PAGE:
Allocating the costs of new transmission investments requires accurately assessing the value of those new lines, and identifying the primary beneficiaries. But formulaic approaches rely too much...
There are essentially two kinds of reliability: sufficient generating capacity, and sufficient transmission capacity. Although it often receives the most attention, generation accounts for only about 10 percent of reliability concerns. Even when there is a problem, there is usually time to prepare; demand can be reduced through voltage reductions, interruptible customers, public appeals, and as a last resort, rotating blackouts. Inadequate electric generating capacity causes "brownouts" or, at worst, controlled "rotating blackouts" of limited duration; not massive, uncontrolled blackouts.
The transmission system, on the other hand, accounts for about 90 percent of reliability concerns. When it fails, it usually does so suddenly and catastrophically. And the final result can be cascading outages and widespread, uncontrolled blackouts.
Coordination: Little or No Incentive
The reliability problems of the bulk-power transmission system are dealt with today by pool and regional cooperation and coordination. But the new, competitive era may place this process at risk. Transmission owners that are also power suppliers will have little or no incentive
to cooperate with one another or with others. Similarly, a world of "two-party transactions" could lead to quick fix solutions to the immediate problem, rather than an optimized long-term plan.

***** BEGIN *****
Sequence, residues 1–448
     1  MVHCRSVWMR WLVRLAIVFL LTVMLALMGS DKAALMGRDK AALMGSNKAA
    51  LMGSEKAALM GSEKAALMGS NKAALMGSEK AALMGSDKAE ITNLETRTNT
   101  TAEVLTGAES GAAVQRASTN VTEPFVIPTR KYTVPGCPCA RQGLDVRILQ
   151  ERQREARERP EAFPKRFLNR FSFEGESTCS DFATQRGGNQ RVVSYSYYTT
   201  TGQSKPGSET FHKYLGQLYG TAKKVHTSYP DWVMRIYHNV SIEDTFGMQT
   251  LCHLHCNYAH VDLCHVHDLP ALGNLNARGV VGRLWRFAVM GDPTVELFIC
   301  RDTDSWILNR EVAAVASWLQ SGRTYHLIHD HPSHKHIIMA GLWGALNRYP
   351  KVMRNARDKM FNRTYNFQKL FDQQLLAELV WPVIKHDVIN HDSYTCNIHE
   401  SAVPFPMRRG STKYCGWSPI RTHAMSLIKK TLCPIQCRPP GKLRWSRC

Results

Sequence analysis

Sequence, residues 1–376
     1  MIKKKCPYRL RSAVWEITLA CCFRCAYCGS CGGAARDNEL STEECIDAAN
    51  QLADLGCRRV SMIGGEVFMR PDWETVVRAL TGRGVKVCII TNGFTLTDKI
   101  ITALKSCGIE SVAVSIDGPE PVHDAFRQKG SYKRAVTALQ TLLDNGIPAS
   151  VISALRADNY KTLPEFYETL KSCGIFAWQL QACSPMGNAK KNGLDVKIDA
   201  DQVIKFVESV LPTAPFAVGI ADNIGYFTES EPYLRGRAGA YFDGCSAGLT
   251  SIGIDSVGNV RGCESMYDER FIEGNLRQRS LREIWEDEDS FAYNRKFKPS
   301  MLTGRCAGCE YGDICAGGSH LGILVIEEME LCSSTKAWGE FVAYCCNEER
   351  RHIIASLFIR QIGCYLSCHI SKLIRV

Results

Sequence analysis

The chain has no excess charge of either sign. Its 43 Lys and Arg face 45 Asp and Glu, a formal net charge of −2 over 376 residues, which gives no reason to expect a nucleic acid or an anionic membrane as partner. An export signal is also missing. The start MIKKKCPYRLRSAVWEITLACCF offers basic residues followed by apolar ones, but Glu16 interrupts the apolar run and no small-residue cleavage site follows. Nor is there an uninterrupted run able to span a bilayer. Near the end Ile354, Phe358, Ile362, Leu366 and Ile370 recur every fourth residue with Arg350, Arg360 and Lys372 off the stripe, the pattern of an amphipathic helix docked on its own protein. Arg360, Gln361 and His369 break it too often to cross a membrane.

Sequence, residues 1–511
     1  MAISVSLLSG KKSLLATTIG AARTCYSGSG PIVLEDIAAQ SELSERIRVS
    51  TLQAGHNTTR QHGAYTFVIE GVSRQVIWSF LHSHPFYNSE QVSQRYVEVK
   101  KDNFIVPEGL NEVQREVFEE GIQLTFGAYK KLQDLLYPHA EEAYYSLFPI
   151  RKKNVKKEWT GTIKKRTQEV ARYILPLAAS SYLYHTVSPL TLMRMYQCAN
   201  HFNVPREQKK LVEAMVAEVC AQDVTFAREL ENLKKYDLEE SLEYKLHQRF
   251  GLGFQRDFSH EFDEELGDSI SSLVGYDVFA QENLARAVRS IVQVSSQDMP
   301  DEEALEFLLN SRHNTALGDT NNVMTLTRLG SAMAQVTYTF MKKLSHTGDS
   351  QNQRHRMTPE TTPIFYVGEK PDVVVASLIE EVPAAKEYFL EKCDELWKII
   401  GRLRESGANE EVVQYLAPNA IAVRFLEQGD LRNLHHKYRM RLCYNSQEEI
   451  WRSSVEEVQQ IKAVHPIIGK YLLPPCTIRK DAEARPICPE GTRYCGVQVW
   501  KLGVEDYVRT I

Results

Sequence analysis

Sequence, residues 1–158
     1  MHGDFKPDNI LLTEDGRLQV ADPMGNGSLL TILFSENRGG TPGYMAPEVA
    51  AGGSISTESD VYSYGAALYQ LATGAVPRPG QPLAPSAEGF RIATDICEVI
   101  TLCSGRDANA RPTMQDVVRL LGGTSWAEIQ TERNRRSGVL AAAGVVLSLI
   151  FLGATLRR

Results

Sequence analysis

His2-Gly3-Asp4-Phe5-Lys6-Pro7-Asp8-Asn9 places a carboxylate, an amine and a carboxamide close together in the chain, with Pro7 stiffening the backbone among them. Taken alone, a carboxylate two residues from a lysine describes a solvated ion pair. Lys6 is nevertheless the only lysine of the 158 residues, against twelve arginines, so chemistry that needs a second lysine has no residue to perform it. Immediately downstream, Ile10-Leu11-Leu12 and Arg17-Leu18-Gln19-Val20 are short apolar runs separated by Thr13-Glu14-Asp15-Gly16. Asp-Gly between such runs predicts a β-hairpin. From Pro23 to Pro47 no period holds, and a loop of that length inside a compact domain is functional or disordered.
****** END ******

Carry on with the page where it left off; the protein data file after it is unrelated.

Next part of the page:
Developing an optimized, efficient transmission expansion or enhancement plan for an entire area (em whether a regional transmission group (RTG), power pool, or regional council (em will require all generation owners, present and prospective, to share their future plans with the group. Will independent power pro-ducers, nonutility generators, spunoff generating companies, traditional utilities (if any), power marketers, and others be willing to reveal (em even commit to (em their specific generation plans five to 10 years in the future? At best, it's questionable.
Capacity: It Depends on Contingencies
Another challenge looms. Consider the simple case of a single transmission interface that places a significant limit on transfers. Let's also assume that all parties (em generators, marketers, transmission owners (em agree that the transfer capability across that interface should or must be increased. Here are the options:
s Agree to live with it.
s Prioritize access rights.
s Build new facilities.
s Lower the criteria.
Using less stringent criteria (em lowering the river when you can't raise the bridge (em will sometimes be tempting. But as any system planner concerned with the laws of physics, electric reliability, and real efficiency will tell you, that's a prescription for disaster.
There's a problem in reconciling the apparent conflict between the Federal Energy Regulatory Commission's (FERC's) concept of "available transmission capacity" (ATC) and the industry's long-standing "transmission transfer capability" approach. But whatever it may be called, the transfer capability across an interface, down a corridor, or between two systems is a direct function of the reliability criteria used. These criteria identify the contingencies or disturbances the system must survive successfully without overloaded facilities, low voltages, or system instability. The system must also be within acceptable parameters without a contingency, of course.
Typically, a variety of contingencies must be tried on each potentially limiting interface. The critical contingency for one transmission interface will not be the same as for another. Different patterns